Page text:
One of my favorite things about the reading process, aside from experiencing someone else’s world and learning everything from how to unstop a toilet to how to make a quiche, is logging the books I’ve read. For some weird reason, it gives me great satisfaction to see how many books I’ve read in the last month, year, etc. Here are my top 5 reasons to keep a reading log.
That sounds a little obvious, but documenting the books you read can prove extremely effective in the long run. For example, if someone asks me for book recommendations, I’ll flip through my reading log and skim the titles of the books I’ve read. Documenting also allows you to determine, over the course of time, which books are your absolute favorites, and which ones were just OK. Initially, I’ll mark a lot of the books I read as favorites, but in about a year, when I compare them to the other books I’ve read recently, I realize they aren’t as special as I thought.
I like to make lists, so my reading log has several pages where I list my favorite authors, short stories, poems, and books. I also have lists of the best classics and novels that made an impact on my life. Just because a book or short story was super good doesn’t necessarily mean I’ll remember the name of the work or its author. Nothing is more frustrating that remembering an excellent story you read a few years ago but not remembering its title. Save yourself from that tragic fate by writing down your favorites in their own list.
I know there are tools online, like Goodreads, that help you document the books you’ve read, but something about old-fashioned pen on paper makes the experience so much more enjoyable. Not to mention when the electricity goes out and you can’t charge your phone, you won’t be stuck trying to figure out a good book to re-read while you wait for the repairman. I keep my notebook in my desk drawer, and I pull it out whenever I finish a book to jot down a little something. The notebook is also great for taking to the library. I’ve compiled lists in my reading log of books I’ve found on the online card catalog at home that I want to check out when I get to the library. Yes, I know you can use your phone for all that stuff, but I am the Vintage Book Lady. I’m a little stubborn about giving up my notebooks for the “conveniences” of modern technology.
Starting a reading log can be as simple or as fancy as you want it to be. Personally, I just list the book I’ve read, the author, and the date I finished it. I also keep a running tally of the books I’ve read by numbering them. As of May 28, 2015, for example, I’ve finished my 409th book in the last 5 years. If I really liked the book, I’ll put a heart between the author’s name and the date I finished the book to denote its “favorite” status. I also have special pages to document my favorite authors, poems, books, and short stories, as well as reading lists, names of authors whose work I’d like to further explore, and a list of good book series. I keep all of this in a purple, spiral-bound notebook that has been serving me faithfully for the last 2 1/2 years. Of course, if you’re a techy, you can start a file on your computer, or even break down and open a Goodreads account.:)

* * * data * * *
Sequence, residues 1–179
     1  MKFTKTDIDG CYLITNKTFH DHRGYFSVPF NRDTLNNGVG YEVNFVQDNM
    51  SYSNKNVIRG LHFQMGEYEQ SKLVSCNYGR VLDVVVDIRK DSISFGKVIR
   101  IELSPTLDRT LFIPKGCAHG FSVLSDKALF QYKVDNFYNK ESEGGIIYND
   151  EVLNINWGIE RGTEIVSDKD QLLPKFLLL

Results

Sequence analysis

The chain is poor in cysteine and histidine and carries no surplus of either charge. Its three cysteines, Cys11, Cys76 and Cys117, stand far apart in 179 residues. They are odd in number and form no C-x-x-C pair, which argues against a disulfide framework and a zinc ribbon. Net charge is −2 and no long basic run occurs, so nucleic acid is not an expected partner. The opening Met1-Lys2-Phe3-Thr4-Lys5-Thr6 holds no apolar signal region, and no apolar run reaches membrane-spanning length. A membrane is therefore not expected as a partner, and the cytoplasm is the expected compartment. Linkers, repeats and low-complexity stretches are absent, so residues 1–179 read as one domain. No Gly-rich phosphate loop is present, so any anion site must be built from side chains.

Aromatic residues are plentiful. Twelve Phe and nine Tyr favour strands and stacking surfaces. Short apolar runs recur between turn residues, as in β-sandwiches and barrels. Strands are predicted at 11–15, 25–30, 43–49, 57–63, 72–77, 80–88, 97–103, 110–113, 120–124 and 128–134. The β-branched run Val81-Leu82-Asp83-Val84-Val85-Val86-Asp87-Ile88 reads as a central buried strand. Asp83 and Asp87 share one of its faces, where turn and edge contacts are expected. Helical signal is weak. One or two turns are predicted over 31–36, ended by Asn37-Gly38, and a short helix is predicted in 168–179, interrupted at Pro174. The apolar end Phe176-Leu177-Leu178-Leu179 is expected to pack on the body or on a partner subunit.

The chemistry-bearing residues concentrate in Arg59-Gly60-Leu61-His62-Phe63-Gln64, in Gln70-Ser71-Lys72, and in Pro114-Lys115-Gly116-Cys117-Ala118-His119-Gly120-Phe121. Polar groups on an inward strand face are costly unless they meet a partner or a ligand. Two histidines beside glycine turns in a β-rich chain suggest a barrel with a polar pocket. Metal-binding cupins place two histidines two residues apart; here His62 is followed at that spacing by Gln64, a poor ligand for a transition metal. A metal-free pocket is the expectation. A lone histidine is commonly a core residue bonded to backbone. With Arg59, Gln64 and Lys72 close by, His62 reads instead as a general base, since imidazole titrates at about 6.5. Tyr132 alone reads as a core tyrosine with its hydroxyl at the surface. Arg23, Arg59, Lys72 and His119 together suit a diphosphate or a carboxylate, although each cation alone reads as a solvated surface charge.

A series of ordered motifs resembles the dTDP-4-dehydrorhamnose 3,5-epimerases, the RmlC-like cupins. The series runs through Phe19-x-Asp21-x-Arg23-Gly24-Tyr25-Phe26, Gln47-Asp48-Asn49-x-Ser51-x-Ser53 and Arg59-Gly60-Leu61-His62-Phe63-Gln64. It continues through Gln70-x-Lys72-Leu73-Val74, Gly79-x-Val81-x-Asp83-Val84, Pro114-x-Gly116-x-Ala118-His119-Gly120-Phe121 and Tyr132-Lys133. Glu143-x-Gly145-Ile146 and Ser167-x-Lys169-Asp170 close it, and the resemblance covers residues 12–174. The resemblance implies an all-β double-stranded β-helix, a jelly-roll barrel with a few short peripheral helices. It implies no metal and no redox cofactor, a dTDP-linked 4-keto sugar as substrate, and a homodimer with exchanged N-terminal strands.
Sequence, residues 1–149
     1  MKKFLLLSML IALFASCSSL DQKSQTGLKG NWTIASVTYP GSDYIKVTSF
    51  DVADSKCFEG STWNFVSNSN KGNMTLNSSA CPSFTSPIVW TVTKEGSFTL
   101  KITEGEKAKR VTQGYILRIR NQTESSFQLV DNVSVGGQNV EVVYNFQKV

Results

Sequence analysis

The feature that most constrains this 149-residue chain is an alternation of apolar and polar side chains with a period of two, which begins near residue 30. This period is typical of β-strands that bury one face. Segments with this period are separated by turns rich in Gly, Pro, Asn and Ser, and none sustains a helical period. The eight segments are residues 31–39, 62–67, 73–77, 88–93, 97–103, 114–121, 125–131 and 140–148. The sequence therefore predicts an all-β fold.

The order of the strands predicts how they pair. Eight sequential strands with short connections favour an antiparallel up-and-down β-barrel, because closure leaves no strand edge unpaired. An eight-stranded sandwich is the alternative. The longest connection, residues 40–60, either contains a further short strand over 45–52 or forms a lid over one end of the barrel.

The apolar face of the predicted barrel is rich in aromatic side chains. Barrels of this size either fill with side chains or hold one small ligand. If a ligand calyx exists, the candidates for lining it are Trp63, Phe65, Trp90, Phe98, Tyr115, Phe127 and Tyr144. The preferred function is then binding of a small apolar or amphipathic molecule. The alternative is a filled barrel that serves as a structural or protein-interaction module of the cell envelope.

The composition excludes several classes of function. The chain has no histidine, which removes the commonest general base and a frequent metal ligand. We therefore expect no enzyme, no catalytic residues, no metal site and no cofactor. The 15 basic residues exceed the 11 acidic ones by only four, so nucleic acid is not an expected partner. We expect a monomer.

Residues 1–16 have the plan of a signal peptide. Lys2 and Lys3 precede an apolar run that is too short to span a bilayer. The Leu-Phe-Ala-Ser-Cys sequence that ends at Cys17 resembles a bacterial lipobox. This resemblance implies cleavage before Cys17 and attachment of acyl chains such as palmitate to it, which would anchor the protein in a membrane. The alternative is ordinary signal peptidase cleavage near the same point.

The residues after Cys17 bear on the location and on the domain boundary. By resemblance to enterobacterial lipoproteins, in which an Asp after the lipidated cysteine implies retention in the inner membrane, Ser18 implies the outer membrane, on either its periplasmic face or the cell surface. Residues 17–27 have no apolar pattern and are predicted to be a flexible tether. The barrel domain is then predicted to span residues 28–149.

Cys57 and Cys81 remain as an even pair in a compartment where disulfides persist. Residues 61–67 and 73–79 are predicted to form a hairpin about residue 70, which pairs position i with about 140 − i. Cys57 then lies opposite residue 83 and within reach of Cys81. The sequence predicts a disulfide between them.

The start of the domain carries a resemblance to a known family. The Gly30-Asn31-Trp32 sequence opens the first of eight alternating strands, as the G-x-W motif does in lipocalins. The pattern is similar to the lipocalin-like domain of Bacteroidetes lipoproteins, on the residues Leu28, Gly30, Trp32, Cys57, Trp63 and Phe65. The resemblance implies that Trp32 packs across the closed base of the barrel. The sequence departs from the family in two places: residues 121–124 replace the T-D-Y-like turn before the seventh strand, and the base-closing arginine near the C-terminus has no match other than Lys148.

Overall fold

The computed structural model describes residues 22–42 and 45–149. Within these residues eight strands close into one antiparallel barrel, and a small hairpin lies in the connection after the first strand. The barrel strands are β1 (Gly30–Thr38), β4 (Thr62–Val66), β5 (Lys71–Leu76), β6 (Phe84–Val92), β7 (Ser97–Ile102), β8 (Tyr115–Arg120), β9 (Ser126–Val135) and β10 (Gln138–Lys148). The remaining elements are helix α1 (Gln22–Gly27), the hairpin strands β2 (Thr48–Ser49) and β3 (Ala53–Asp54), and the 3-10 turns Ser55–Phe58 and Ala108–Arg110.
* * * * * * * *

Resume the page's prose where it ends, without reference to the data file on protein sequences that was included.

Recently, I’ve started another reading-related endeavor, which I call my reading journal. I generally use it when I’m reading classics to pick out all the “hints” and messages in the story. I’ll write down quotes from the characters, passages that seem particularly important, or sometimes, just my reaction to what happened at a certain point in the plot. This is especially helpful if you plan to write about the books (i.e. blog post, etc.) you’ve read as it will allow you to go back and more fully capture the essence of the story. This is also an excellent way to more firmly fixate the book’s concepts in your mind. In a sense, this type of book logging is a lot like eating. When you get a really good book, you tend to gobble it up, and, if you’re like me, you probably forget a lot of the important details within a month, like that monumental thing one of the characters said or the melody of the descriptive passages. With a reading journal, you can more fully digest the book, allowing yourself to chew on the issues, messages, and important concepts of the book. Not only that, but you can also go back and look at your initial reaction a few years down the road if you decide to re-read the same book. It would be really fun to compare your thoughts during your first read-through to your impressions during your 2nd, 3rd, or 4th read-through.
Do you have a post-reading routine? Leave me a comment; I’d love to hear about it!
~The Vintage Book Lady